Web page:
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The Trinity Voice

The student news site of Trinity Preparatory School

The Trinity Voice

The student news site of Trinity Preparatory School

The Trinity Voice

Dying For Attention

Caden Liu

   From the McDonald’s Grimace Shake to the Bird Box Challenge, today’s teens are familiar with viral trends, whether it’s new audios or nostalgic throwbacks. What doesn’t often go viral are the sometimes dire consequences of indulging in these trends. In 2022, when the Fire Challenge was popular, then Miami 6th grader Nick Howell lit a splash of alcohol with a lighter, causing him to suffer many severe burns that landed him in a hospital for a little over 6 months. In another case, Josh Zeyrihun, a 12-year-old in Colorado, died trying the Blackout Challenge where individuals choke themselves to obtain a euphoric rush shortly after.

   Over recent years, as social media has grown in popularity, so have the number of videos and posts circulating dangerous and straight-up fatal content. With around  5.04 billion people worldwide having social media, that’s endless hours of scrolling through content, much of it reckless behavior.

   The Trinity campus has not been immune from the impact of viral challenges.

   ” There is a definite increase in the number of students who report what they’re seeing [on social media] and then we’ve also seen direct evidence of damage on campus that has been the result of certain TikTok trends,” middle school dean Jeff Wilson said.

   Apart from spreading so quickly, social media tends to create a false sense of popularity. Wilson points out that social media’s algorithms exaggerate just how many teens are doing such challenges.

   “Social media trends make it seem like [trends] are big movements, that everybody is them when it’s really not,” Wilson said. “There’s nobody on campus doing [trends], but there are 7,000 videos that you can scroll through and it makes 7,000 sound like a lot of people doing it, but there’s 8 billion people in the world, so that’s a very, very minor part of the population.”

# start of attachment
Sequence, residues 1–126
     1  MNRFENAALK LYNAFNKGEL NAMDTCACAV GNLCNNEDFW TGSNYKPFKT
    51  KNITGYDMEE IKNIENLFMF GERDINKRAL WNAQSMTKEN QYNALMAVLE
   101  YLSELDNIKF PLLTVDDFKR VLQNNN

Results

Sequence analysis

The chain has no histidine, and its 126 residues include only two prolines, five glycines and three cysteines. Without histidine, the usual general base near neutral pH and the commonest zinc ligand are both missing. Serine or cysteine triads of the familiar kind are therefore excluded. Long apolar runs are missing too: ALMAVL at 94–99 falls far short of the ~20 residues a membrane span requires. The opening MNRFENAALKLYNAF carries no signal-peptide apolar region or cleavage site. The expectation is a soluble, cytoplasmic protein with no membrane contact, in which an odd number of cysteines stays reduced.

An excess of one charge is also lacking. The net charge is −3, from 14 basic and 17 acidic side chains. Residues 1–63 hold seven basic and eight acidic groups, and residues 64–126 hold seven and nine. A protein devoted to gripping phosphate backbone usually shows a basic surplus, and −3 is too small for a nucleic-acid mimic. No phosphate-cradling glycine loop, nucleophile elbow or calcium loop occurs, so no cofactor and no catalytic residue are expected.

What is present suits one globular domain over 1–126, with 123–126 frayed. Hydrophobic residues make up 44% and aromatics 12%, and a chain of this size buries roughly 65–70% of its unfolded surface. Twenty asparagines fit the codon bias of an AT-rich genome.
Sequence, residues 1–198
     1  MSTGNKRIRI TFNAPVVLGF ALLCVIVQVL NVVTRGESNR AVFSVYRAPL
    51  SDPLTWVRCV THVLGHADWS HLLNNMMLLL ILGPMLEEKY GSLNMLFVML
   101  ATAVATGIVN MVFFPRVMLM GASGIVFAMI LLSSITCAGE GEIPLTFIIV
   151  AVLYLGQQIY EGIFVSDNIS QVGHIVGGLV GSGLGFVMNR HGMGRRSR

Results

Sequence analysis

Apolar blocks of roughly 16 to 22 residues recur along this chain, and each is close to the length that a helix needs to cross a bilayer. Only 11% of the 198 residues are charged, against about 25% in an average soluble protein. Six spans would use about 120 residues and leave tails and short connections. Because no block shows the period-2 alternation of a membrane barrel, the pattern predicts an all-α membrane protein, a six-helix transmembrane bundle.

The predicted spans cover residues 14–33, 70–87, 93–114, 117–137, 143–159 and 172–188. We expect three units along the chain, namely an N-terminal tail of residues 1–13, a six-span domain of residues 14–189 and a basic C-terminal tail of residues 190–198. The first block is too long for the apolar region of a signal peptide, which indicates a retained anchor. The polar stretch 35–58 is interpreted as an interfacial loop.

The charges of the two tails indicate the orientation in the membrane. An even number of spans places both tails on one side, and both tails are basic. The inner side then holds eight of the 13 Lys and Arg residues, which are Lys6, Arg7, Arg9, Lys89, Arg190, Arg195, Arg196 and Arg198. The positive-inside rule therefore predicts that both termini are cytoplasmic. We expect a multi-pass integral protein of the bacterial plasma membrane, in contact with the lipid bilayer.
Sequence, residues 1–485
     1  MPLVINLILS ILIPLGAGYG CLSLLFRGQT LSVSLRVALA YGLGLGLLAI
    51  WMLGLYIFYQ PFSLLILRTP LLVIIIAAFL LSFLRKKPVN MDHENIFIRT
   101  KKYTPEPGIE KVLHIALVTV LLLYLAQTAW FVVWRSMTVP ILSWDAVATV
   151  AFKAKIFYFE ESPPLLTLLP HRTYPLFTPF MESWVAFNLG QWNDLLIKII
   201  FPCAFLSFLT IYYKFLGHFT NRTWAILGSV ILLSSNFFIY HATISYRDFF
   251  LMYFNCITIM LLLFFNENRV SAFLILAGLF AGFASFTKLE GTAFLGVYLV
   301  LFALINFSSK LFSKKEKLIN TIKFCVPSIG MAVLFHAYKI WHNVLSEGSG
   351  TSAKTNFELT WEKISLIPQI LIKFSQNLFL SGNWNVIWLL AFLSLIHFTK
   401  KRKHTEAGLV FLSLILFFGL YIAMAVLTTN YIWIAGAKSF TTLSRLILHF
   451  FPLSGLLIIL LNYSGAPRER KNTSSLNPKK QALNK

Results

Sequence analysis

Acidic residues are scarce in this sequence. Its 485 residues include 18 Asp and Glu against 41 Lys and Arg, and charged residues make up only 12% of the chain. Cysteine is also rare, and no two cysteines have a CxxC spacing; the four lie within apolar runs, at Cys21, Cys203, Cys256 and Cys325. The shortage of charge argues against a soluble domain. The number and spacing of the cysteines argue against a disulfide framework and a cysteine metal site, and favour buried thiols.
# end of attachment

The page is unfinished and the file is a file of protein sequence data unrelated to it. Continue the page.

Since the rise of social media, many trends have gone viral, but only recently have they become more dangerous. One example of a dangerous challenge is the viral One Chip Challenge, which was started in late 2021. It consists of a person eating the world’s hottest chip released by Paqui.

   “[The One Chip Challenge is] not really safe, but one of my mom’s colleagues, her daughter actually [did] a One Chip Challenge and she was sent to the hospital.” Trinity 8th grader Srian Kondapalli said.

   As the trend kept growing, Kondapalli ended up trying it for himself.

   “The one chip powder was in my eye because I rubbed it on accident and the powder fell in,” Kondapalli said. “It was painful but it went away after an hour or so.” 

   Although he was lucky, Kondapalli’s experience could have ended poorly. Capsaicin, which is what makes chili peppers spicy, can irritate the eyes and mouth. Apart from this, the excessive amount of capsaicin in the One Chip could cause heart palpitations and heart attacks.